The day started quite slowly.
Woke up a bit excited because of the girl on my couch, but also because this most likely would be the day I would start the trail!
After a fine breakfast with Emmanuelle, we decided to do some groceries and when walking around we discussed her backpack; it was very creative, but more or less a 40KG punching bag with straps made onto it - homemade padding from a towel to try to prevent it cutting her shoulders while wearing it. When she told me she was also going to do some hiking with it, I had to laugh and we both were convinced that wasn't going to be possible; so I helped her pick one out of the not too large collection in the Picton Fish & Hunt store; a real "mom & pop store", lovely people.
A bit later we said our goodbyes as Emma needed to catch a bus to Nelson at the ferry station.
Because I wasn't sure if I could still get a taxi to Ship Cove I wandered around the harbour a bit, but luckily for me there was quite some action at the desk of Beechcomber Cruises, so I decided to go in and ask.
They had one trip left today that went all the way to Ship Cove so I bought a ticket right there right then. Because it was still some hours to go, I picked me a bench in the shade overlooking the nice marina of Picton. Compared to the inner village the marina is such a modern place, beautiful to sit and gaze over the waters, watch boats come and go, hear the seagulls and little kids chasing them off the green grass.
Finally it was getting close to leaving time and I was getting a bit nervous...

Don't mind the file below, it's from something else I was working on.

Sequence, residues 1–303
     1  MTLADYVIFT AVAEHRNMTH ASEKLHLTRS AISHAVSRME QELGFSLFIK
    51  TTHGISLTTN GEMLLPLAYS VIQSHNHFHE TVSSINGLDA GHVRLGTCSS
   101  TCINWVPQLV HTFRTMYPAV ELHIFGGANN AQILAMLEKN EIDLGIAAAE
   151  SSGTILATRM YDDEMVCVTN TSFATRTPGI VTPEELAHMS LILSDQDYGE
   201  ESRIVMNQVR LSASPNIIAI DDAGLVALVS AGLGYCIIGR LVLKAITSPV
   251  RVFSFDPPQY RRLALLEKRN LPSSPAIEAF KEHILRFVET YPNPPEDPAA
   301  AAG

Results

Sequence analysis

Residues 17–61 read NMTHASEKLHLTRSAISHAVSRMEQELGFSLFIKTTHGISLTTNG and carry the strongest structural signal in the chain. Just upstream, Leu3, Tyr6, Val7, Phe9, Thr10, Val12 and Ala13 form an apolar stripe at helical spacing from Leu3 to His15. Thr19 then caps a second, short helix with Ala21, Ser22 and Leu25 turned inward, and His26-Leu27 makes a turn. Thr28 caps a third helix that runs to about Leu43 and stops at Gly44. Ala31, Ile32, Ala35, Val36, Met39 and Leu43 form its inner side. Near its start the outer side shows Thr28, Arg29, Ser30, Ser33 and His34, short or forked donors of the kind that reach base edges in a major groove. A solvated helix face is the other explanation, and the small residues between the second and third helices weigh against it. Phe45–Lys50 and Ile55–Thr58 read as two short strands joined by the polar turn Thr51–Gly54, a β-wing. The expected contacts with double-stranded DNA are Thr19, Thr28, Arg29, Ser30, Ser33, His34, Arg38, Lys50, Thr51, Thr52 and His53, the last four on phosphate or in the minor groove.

But I did really love this "One Way" on my ticket...
We got some words of safety before we boarded and off we went!
During the boat trip we made several stops, apparently I was on the 'mail-boat'. Maneuvering through the Sounds, around corners into bays and some mussel plants. It was interesting to see people living all the way out there, no roads, no cars, just a boat to get away.
We were also lucky to see some dolphins alongside the boat, I personally never saw them that close in the wild, so I took some shots while seeing them swimming playfully along.
Finally we arrived at Ship Cove. Weather was looking worse and worse, even had some rain just before landing. Ship Cove has a monument to Captain James Cook (who landed there in 1770 to resupply) and my boat-companions we're allowed to go off-board and walk around, take some pictures, stretch the legs etc. The captain of the boat told every one to be back, unless you had a one-way ticket. Looking around, I thought I was the only one to hop off so I felt excited. The captain also made a nice comment about the weka's, he first told about them like they were incredible scary creatures that bite you and you should keep your hands and limbs close to you while near them... That got me scared a bit, was he for real?
He told us it was a joke finally and told a story of a woman trying to make a picture of one, and the weka took her camera and ran off with it... So if we saw a weka (with a camera) he would return it to the woman.
Still had no clue what kind of creatures these weka's would be, but sure, I'd find out myself.
I took a stroll to the monument, but it was getting late already and I'd reckon I just check it out and move along. I started walking up the hill soon, the start of my adventure. Moving up the hill and hearing the people down below, the weird calls of birds not anything like home, the sound of the Sounds getting a bit damped by all the lush green, almost jungle-esque for my dutch eyes.
Up the muddy slopes of the trail, yellow clay-like ground that had like a 2cm layer of wet slippery on top due to the rain of the afternoon. The trail looked pretty okay though, wide and not too steep.
Halfway up the hill I heard the boat leave, it was nice, I was looking forward to the isolation.